Thursday, June 4, 2009

Respect is a two-way street. Recent polls suggest that about half of Americans hold negative views of Islam, and this is not merely blind bigotry. If they want respect, Muslim states must seek active ways to improve relations with the United States. We would like to see a generally more positive and welcoming tone, with fewer anti-American harangues in official media and firebrand sermons in state-controlled mosques. Those countries that support terrorism - either through financing, providing materiel or intelligence support, or safe havens - must immediately stop. Respect for Islam would be much more palatable if the Muslim world decriminalized conversion to other faiths and allowed true religious freedom, as Muslims enjoy in America.

With respect to the Israeli-Palestinian issue, many Muslim leaders seem to expect progress to come through the United States pressuring Israel unilaterally to surrender to Arab demands. But they, not U.S. officials, will play the decisive role in settling the matter, since they are the countries refusing to recognize Israel’s right to exist (excepting Egypt and Jordan). The peace process would be pushed immeasurably forward by Arab leaders taking concrete steps in that direction.

A good first step would be to end the Arab League boycott of Israel, which will also help develop the Palestinian economy. Muslim governments can make gestures such as granting civilian overflight rights, establishing postal and telecommunications ties and promoting regional travel. The Arab states should pursue diplomatic meetings and multilateral accords, brokered by Egypt and Jordan, with a view toward establishing a framework for full diplomatic recognition. Israel has shown a desire to do all these things, so the ball is in the Muslim world’s court.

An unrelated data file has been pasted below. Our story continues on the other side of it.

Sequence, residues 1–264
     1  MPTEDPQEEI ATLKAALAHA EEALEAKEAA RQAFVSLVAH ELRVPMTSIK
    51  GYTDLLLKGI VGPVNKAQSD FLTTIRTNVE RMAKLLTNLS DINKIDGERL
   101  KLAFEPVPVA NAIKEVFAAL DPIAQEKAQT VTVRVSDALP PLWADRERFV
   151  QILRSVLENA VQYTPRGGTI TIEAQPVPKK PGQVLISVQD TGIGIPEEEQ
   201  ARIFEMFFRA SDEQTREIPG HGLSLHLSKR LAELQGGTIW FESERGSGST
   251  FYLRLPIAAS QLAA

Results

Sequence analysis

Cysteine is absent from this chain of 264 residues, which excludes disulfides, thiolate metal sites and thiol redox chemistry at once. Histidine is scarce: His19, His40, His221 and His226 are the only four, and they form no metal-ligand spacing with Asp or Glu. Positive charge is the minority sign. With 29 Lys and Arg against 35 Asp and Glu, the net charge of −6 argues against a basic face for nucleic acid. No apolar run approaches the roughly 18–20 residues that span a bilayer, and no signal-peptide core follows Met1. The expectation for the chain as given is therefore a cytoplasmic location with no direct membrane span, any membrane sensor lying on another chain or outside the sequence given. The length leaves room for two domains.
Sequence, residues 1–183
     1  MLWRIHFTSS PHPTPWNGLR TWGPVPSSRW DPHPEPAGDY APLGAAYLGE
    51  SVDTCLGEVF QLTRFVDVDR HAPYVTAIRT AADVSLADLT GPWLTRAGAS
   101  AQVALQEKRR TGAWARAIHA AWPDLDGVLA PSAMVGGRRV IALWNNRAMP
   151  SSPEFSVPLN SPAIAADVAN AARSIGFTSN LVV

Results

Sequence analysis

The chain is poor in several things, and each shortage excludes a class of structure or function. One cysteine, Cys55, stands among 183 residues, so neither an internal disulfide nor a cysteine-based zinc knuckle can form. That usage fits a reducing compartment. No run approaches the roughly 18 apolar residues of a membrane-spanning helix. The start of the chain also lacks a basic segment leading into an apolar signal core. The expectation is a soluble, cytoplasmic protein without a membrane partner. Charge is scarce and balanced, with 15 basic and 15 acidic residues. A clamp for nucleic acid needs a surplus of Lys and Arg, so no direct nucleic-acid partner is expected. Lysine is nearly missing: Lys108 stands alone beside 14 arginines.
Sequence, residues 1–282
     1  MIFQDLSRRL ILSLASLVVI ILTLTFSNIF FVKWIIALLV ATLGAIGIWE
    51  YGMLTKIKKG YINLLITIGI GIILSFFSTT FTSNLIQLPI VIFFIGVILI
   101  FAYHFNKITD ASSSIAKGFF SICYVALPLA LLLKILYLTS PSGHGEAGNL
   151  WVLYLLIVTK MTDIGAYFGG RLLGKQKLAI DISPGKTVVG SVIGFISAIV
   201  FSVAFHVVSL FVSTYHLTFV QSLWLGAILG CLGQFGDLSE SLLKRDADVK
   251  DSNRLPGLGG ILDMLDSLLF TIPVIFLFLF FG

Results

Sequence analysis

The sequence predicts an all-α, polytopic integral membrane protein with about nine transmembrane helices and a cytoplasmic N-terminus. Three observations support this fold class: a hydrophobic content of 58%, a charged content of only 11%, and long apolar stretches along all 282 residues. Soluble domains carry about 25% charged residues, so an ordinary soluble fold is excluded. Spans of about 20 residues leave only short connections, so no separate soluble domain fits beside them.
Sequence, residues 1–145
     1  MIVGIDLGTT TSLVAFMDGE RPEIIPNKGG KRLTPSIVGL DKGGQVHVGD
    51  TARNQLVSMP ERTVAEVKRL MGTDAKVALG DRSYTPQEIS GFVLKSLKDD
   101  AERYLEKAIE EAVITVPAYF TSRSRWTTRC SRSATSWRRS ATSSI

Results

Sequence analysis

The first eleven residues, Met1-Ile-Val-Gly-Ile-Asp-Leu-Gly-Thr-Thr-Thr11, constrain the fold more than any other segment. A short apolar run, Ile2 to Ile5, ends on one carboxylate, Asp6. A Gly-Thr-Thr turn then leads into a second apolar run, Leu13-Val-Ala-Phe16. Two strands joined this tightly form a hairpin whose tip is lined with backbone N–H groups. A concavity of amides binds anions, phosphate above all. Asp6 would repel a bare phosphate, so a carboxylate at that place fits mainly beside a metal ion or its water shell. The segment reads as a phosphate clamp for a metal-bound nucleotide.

With respect to U.S. military intervention in the region, it was not without cause. The strategic economic importance of the Middle East, coupled with the rise of global Islamic terrorism and the actions of rogue states, necessitated some form of response. With the security equation turning ineluctably on the issue of the Iranian quest for regional hegemony and nuclear capability, a U.S. military presence seems assured for the near future.

In the long run, many of the challenges that have brought U.S. forces to the Middle East can be met by nonmilitary means. In a word, the region needs freedom. Broad reforms centered on free markets, freedom of religion and freedom of speech will go a long way toward solving the underlying and systemic problems faced by most countries in the region. Unleashing the human capital of the region will also help broaden and strengthen their economies. If the Muslim states want to see fewer Americans in uniform, they should establish conditions that do not give rise to challenges that threaten U.S. national security.

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